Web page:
Validation of a New Root-Zone Soil Moisture Product: Soil MERGE

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IEEE Journal of Selected Topics in Applied Earth Observations and Remote Sensing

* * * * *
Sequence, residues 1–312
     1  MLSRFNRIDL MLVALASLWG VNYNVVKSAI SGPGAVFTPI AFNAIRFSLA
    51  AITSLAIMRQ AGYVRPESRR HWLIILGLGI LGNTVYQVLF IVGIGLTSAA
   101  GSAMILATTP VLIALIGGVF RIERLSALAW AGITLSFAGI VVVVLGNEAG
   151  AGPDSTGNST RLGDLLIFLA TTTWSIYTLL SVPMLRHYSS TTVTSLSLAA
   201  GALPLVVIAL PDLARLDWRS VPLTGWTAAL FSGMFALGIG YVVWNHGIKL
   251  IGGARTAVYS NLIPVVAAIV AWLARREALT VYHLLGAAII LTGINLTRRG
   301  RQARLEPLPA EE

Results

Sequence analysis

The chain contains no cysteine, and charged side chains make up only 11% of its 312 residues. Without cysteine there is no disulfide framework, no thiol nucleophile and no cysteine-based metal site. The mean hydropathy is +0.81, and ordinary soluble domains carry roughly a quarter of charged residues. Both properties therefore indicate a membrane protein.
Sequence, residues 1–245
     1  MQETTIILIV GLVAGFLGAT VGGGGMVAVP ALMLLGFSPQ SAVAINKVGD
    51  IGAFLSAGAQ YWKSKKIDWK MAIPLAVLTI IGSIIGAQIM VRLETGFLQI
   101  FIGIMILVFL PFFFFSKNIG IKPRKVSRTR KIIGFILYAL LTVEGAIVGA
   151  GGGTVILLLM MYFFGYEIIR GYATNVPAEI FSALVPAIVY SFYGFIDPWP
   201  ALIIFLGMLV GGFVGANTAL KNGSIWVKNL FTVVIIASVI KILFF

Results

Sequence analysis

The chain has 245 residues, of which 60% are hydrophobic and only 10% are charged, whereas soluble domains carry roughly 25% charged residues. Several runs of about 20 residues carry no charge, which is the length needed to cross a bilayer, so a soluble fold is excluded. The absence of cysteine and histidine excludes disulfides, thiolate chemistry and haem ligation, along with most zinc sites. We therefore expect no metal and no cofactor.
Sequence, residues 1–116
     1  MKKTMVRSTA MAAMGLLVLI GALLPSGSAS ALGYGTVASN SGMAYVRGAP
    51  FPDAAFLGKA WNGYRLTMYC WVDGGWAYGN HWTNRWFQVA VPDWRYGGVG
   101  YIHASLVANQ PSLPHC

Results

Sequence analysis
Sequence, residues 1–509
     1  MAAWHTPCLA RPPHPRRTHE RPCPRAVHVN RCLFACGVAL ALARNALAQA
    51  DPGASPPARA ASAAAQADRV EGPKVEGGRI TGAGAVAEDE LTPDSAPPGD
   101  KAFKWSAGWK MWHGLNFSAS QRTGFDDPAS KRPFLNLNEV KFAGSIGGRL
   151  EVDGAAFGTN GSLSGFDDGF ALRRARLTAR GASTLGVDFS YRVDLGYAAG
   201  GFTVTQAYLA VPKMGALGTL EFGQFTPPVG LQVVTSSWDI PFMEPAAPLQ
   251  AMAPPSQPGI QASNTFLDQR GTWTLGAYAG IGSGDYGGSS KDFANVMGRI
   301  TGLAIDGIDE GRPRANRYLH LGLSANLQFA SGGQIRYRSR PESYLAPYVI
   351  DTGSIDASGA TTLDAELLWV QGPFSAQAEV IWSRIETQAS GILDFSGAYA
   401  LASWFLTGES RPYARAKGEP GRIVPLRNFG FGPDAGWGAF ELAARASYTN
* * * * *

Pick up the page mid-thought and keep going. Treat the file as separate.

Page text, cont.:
Soil MERGE (SMERGE) is a 0.125°, root-zone soil moisture (RZSM) product (0-40-cm depth) generated within the contiguous United States (CONUS). This product is developed by merging RZSM output from the North American land data assimilation system (NLDAS) with surface satellite retrievals from the European Space Agency Climate Change Initiative. SMERGE, at present, spans four decades (1979-2016). Here, we introduce the SMERGE approach and describe the validation of SMERGE RZSM estimates using three geophysical observations: 1) comparison with sparse in situ soil moisture data acquired from the soil climate analysis network (SCAN) and the U.S. Climate Reference Network (USCRN); 2) ranked correlation analysis against normalized difference vegetation index (NDVI) datasets; and 3) ranked correlation analysis of antecedent RZSM with storm-event streamflow across a range of precipitation intensities (5-45 mm/day). Relative to in situ SCAN and USCRN observations, SMERGE has an average daily correlation of 0.7-0.8 and unbiased root-mean square error close to 0.04 m3/m3 - a level that is commonly applied as a validation target for large-scale soil moisture datasets. NDVI benchmarking allows us to indirectly evaluate SMERGE across CONUS and reveals it can predict near-term vegetation health anomalies with skill comparable to that of RZSM products generated by more complex data assimilation methods. In addition, streamflow-based evaluation results demonstrate that SMERGE antecedent RZSM can be used as a reliable predicator of storm-event runoff efficiency for rainfall events >25 mm/day.

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